The U.S. equities had a disappointing year in terms of stock performance last year, with the S&P 500 Index closing 0.7% in the red for the year. The benchmark suffered its first calendar-year decline since the financial crisis of 2008, after generating double-digit gains during the past three years. Six of the ten S&P 500 sectors closed in negative territory, partially due to the sustained decline in commodity prices. Nonetheless, some insiders have been purchasing their companies’ shares lately, which could somewhat suggest that those companies might have a relatively strong 2016 in terms of both financial and stock performance. The Insider Monkey team scanned the insider buying activity reported during the last trading week of 2015 and pinpointed three companies with noteworthy insider buys. Hence, this article discusses the insider trading behavior at those companies and their recent performance.
Most investors can’t outperform the stock market by individually picking stocks because stock returns aren’t evenly distributed. A randomly picked stock has only a 35% to 45% chance (depending on the investment horizon) to outperform the market. There are a few exceptions, one of which is when it comes to purchases made by corporate insiders. Academic research has shown that certain insider purchases historically outperformed the market by an average of seven percentage points per year. This effect is more pronounced in small-cap stocks. Another exception is the small-cap stock picks of hedge funds. Our research has shown that the 15 most popular small-cap stocks among hedge funds outperformed the market by nearly a percentage point per month between 1999 and 2012. We have been forward testing the performance of these stock picks since the end of August 2012 and they have returned 102% over the ensuing 38 months, outperforming the S&P 500 Index by more than 53 percentage points (read more details here). The trick is focusing only on the best small-cap stock picks of funds, not their large-cap stock picks which are extensively covered by analysts and followed by almost everybody.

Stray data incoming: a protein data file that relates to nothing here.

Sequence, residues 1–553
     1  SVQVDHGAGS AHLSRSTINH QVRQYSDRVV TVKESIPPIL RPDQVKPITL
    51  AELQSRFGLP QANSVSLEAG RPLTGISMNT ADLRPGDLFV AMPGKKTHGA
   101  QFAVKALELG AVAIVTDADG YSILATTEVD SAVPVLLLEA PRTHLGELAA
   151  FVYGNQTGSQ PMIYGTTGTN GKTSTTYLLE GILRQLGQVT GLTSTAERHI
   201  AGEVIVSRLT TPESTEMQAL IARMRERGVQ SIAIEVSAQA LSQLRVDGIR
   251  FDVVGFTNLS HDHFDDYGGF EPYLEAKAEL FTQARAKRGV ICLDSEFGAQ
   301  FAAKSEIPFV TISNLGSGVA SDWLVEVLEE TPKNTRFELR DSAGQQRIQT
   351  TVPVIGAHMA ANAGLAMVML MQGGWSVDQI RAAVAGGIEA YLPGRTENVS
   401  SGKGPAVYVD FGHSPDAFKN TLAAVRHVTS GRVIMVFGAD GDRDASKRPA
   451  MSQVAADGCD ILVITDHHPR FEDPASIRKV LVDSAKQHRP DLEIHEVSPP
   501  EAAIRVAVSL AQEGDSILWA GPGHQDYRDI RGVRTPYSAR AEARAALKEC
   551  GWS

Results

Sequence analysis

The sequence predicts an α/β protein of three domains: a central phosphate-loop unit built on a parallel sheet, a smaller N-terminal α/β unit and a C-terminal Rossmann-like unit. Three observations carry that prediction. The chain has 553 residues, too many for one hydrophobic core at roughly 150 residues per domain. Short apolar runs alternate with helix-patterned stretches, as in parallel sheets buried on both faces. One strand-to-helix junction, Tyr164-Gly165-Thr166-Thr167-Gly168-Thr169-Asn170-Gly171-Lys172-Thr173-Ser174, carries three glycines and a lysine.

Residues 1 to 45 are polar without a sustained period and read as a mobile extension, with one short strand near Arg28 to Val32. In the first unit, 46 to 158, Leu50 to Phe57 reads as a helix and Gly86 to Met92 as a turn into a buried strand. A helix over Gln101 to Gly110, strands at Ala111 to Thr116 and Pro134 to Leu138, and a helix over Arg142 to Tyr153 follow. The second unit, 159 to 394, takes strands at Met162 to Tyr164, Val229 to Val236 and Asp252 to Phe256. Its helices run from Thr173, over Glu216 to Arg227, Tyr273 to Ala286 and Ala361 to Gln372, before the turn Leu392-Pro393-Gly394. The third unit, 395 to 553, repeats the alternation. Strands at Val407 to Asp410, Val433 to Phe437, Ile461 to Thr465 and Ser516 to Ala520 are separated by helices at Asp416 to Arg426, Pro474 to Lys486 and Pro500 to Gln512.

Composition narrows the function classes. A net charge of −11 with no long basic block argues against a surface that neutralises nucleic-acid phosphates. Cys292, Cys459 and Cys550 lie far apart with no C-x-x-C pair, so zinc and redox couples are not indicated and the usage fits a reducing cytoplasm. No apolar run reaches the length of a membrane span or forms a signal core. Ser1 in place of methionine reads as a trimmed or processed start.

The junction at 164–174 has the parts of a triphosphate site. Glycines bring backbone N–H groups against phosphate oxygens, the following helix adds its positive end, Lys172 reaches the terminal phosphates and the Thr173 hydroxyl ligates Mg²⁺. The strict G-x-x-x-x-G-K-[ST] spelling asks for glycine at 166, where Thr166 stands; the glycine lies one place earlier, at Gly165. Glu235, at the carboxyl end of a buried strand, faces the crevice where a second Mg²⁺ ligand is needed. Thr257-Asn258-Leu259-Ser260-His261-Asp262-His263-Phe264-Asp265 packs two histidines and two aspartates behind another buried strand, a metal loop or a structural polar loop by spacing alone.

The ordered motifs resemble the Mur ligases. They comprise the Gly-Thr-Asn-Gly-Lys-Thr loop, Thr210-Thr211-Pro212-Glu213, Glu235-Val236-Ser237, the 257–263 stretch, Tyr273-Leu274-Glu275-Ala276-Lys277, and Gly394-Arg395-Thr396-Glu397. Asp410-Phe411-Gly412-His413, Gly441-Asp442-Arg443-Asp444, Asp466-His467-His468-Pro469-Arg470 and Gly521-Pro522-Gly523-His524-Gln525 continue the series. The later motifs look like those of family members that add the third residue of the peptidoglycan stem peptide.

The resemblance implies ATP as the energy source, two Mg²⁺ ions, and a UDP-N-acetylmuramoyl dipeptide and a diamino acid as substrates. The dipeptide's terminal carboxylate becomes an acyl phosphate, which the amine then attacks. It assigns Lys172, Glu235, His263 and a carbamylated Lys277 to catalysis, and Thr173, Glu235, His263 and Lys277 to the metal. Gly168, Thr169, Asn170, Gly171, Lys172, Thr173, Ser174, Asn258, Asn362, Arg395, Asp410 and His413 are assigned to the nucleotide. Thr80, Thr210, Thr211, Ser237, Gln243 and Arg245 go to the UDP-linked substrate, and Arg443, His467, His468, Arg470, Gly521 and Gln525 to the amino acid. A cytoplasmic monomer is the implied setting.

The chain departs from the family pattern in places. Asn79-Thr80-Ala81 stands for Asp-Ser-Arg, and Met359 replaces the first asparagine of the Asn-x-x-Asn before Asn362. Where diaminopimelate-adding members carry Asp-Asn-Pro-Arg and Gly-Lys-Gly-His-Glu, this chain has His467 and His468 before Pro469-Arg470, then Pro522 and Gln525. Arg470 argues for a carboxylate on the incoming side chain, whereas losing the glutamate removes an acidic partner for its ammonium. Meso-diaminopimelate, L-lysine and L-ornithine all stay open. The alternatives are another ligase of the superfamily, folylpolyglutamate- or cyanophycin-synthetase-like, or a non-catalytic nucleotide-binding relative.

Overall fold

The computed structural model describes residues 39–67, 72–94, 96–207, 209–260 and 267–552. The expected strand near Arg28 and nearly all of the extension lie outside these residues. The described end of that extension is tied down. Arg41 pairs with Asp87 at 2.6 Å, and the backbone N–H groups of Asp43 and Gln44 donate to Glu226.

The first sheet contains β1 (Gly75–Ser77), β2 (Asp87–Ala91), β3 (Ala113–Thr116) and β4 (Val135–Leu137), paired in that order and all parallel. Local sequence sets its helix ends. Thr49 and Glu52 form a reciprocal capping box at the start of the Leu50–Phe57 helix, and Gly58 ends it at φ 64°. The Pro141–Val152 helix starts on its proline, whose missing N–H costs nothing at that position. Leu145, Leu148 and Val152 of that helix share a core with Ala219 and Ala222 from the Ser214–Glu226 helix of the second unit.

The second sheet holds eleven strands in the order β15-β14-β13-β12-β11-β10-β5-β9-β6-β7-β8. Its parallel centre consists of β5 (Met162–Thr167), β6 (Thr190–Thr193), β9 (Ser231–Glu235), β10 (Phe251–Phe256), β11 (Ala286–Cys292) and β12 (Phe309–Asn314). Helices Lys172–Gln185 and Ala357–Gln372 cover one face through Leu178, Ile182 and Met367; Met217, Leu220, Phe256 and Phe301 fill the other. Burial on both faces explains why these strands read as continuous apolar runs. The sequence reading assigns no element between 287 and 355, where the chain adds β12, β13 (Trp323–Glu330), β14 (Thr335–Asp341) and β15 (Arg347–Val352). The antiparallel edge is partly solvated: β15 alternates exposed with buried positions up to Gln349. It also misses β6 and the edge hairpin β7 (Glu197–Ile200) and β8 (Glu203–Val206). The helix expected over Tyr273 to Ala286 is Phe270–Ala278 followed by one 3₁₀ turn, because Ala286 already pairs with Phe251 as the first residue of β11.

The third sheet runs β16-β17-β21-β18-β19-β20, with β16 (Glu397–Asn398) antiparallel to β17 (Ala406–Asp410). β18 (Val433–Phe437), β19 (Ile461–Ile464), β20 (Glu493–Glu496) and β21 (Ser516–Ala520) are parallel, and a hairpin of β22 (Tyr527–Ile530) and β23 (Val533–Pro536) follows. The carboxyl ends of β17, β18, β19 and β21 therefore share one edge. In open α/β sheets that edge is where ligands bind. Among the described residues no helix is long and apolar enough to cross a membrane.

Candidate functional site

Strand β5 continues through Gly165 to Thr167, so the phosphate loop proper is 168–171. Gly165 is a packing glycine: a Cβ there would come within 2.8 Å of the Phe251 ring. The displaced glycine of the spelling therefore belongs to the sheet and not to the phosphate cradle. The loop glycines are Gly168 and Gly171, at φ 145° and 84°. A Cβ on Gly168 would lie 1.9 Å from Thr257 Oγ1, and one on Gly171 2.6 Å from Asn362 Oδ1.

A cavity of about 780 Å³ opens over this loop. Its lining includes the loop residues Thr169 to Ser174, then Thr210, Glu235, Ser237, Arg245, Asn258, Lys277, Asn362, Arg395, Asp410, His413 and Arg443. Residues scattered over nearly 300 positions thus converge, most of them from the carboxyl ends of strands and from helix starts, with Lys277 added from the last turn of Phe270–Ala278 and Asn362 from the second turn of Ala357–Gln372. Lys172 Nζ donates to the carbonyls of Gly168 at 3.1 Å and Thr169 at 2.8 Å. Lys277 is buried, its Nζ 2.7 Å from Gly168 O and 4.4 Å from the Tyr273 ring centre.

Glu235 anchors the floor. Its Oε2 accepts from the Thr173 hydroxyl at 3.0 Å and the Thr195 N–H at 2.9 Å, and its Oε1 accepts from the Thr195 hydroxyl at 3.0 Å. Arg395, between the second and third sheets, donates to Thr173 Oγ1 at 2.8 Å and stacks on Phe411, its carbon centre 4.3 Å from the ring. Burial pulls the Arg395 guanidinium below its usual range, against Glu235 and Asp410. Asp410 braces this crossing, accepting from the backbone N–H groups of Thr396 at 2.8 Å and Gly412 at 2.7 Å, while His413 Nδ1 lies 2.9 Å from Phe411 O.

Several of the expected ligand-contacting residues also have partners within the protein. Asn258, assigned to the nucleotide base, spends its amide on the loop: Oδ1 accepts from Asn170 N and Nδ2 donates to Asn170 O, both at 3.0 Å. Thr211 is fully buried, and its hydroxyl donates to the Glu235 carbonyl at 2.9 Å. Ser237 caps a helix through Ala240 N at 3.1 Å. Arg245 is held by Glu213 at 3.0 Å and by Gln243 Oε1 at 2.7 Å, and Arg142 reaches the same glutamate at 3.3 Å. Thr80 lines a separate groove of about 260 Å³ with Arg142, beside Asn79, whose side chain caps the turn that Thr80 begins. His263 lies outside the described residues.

To begin with, Chimerix Inc. (NASDAQ:CMRX) had two insiders make big purchases last week. Director Clarence Patrick Machado snapped up a new stake of 10,000 shares last Tuesday at prices that ranged from $7.08-to-$7.09 per share. Furthermore, Director Ernest Mario bought 125,000 shares on the same day at prices that fell between $6.92 and $7.21, enlarging his overall holding to 262,637 shares. On December 28, the biopharmaceutical company revealed that its Phase 3 SUPPRESS trial of brincidofovir failed to demonstrate the efficacy of this drug in preventing the reactivation of cytomegalovirus (CMV) infections in patients undergoing hematopoietic stem cell transplants. The shares of Chimerix Inc. (NASDAQ:CMRX) have lost nearly 75% since the announcement and are down 78% for 2015. Even so, the company intends to continue the trials testing brincidofovir in serious adenovirus infections and smallpox, claiming that Chimerix would “remain committed to this brincidofovir program and its potential”. Therefore, the aforementioned insider purchases show insiders’ confidence in the potential of this drug candidate. The number of hedge funds from our database invested in the biopharmaceutical company decreased to 17 from 21 during the third quarter. Steven Cohen’s Point72 Asset Management recently reported purchasing a 2.45 million-share stake in Chimerix Inc. (NASDAQ:CMRX), which accounts for 5.3% of the company’s outstanding common stock (read more details).